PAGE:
Just like people, plants need iron to grow along with also also stay healthy. nevertheless some plants are better at getting This particular essential nutrient via the soil than others. at This particular point, a study led by a researcher at the Salk Institute has found in which variants of one particular gene can largely determine a plant’s ability to thrive in environments where iron can be scarce.
The work, which appears in Nature Communications on May 24, 2017, could lead to much better crop yields for farmers along with also also richer dietary sources of iron for animals along with also also humans.
“Almost all life on Earth can be based on plants—animals eat plants along with also also we eat animals or plants,” says Wolfgang Busch, an associate professor in Salk’s Plant Molecular along with also also Cellular Biology Laboratory along with also also senior author of the brand new paper. “This particular’s very important for us to understand how plants solve the problem of getting iron because even though This particular’s generally abundant on Earth, the form in which plants can use can be actually scarce.”
The current work, led by Busch along with also also including researchers via Austria’s Gregor Mendel Institute of Molecular Plant Biology (where Busch was formerly based) focused on the well-studied weed Arabidopsis thaliana, a relative of cabbage along with also also mustard. They obtained Arabidopsis seeds via strains in which naturally occur all over Sweden, which incorporates a variety of soils including some in which are very low in iron. The team was particularly interested in strains in which have adapted to low-iron soils along with also also can grow a long root (a marker of health) even in those poor conditions.
The researchers grew the seeds in low-iron conditions, measuring their root growth along the way. They then employed a cutting-edge method called a Genome Wide Association Study (GWAS), which associates genes having a trait of interest—in This particular case root length. A gene called FRO2 stood out as having a strong connection to root length. Different versions of the FRO2 gene (“variants”) fell into two groups, those in which were associated having a short root along with also also those in which were associated having a long root.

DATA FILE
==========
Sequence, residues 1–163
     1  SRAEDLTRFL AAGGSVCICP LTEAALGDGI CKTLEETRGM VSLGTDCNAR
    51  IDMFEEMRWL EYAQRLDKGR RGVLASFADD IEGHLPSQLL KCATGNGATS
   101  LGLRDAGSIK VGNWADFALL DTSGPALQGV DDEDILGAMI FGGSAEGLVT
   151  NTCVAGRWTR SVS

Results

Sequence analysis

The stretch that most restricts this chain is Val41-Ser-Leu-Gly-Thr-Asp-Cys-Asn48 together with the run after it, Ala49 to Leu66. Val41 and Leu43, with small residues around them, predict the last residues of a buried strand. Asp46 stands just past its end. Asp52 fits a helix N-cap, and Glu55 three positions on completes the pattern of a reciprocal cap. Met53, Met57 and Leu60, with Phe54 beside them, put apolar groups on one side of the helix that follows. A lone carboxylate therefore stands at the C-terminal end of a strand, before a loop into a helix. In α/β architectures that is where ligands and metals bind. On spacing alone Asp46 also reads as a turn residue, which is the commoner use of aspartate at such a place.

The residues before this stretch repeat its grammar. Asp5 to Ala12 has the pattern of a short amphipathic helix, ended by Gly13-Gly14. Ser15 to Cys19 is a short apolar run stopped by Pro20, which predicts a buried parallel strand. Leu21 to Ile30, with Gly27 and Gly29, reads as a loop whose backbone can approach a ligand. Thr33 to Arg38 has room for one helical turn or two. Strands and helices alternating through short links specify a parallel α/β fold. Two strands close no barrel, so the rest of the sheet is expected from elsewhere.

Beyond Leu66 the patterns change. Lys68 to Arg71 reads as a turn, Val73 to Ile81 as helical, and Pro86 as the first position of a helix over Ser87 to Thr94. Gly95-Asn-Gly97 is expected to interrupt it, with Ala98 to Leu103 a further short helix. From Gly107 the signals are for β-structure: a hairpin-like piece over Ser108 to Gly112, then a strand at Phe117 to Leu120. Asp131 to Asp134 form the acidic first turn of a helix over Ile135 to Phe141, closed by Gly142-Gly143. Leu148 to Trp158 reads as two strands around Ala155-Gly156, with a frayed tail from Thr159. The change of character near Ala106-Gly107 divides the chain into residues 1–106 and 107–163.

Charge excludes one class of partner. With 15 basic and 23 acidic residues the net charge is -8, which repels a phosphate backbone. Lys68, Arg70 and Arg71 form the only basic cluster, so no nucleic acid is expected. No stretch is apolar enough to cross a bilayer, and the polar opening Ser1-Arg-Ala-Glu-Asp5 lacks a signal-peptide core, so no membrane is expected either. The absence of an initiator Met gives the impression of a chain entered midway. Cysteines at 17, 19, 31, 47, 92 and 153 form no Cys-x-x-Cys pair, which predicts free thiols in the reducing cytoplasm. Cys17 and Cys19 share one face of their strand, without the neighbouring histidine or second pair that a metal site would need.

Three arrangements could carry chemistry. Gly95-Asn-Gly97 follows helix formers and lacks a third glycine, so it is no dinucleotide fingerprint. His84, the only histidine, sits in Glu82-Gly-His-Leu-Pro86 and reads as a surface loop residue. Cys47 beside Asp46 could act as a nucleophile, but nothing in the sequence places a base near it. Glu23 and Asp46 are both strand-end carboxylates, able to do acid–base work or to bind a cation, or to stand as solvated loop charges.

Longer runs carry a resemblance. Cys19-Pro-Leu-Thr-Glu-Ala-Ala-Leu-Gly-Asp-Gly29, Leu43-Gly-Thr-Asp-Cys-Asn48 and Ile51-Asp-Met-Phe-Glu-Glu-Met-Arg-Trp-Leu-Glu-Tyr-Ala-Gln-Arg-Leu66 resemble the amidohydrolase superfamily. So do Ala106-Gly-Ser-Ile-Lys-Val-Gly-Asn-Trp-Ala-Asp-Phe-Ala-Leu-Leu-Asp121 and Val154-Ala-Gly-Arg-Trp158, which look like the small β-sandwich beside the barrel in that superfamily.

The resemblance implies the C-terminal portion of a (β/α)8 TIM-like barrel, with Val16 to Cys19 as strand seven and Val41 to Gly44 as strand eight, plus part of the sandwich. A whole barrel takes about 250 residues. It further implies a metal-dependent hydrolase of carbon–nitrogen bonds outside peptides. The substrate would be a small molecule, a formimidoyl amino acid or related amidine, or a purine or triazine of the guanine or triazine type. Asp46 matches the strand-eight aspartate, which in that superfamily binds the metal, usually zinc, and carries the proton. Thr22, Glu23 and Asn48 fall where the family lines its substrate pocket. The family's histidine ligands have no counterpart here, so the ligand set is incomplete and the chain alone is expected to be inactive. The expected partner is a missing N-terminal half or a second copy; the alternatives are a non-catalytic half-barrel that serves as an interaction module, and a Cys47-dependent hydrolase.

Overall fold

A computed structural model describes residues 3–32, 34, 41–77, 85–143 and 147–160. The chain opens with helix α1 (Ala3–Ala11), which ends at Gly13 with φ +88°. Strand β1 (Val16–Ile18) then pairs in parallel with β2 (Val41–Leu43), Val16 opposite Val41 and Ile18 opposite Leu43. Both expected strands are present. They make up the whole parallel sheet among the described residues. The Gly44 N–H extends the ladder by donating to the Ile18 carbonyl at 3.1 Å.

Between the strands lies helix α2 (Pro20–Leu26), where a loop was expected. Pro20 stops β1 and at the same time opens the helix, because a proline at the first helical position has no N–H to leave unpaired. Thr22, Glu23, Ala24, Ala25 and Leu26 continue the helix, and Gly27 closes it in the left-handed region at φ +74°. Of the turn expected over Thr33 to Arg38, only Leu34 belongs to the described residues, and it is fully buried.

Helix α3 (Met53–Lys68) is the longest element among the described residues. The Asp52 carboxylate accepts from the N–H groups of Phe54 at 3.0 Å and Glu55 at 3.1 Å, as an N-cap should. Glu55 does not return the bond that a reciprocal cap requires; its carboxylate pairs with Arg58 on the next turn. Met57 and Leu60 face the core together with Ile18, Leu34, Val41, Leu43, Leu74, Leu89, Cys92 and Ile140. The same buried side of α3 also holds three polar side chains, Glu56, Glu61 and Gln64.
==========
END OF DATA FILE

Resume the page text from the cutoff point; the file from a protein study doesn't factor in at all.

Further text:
To find out whether variants of FRO2 were actually causing the difference(rather than merely being associated with This particular), the team grew seeds whoseFRO2 gene had been deactivated. All plants in which the FRO2 gene had beendeactivated at This particular point had stunted roots. The team then put either one variant orthe some other variant of the gene back in along with also also again grew the plants inlow-iron conditions. Variants for long roots grew better than variants forshort roots. Together, the experiments showed in which, indeed, geneticvariants in which confer higher activity of the FRO2 gene can largely beresponsible for root growth along with also also plant health in low-iron conditions.(Under normal conditions, FRO2 can be not activated.)
“We thought by using a geographically restricted set of Arabidopsis thaliana strains, we could address local plant adaptations with respect to root growth under iron deficiency—along with also also we did,” says Santosh Satbhai, a Salk research associate along with also also first author of the paper. “We wish the agricultural community can benefit via This particular information.”
The FRO2 gene can be common to all plants, so boosting its expression in food crops or finding variants in which thrive in poor soils could be important for increasing crop yields from the face of population growth along with also also global warming’s threats to arable land.
“At least two billion people worldwide currently suffer via iron malnutrition. Anything we can do to improve the iron content of plants will help a lot of people,” adds Busch.
How thirsty roots go in search of water
Santosh B. Satbhai et al. Natural allelic variation of FRO2 modulates Arabidopsis root growth under iron deficiency, Nature Communications (2017). DOI: 10.1038/ncomms15603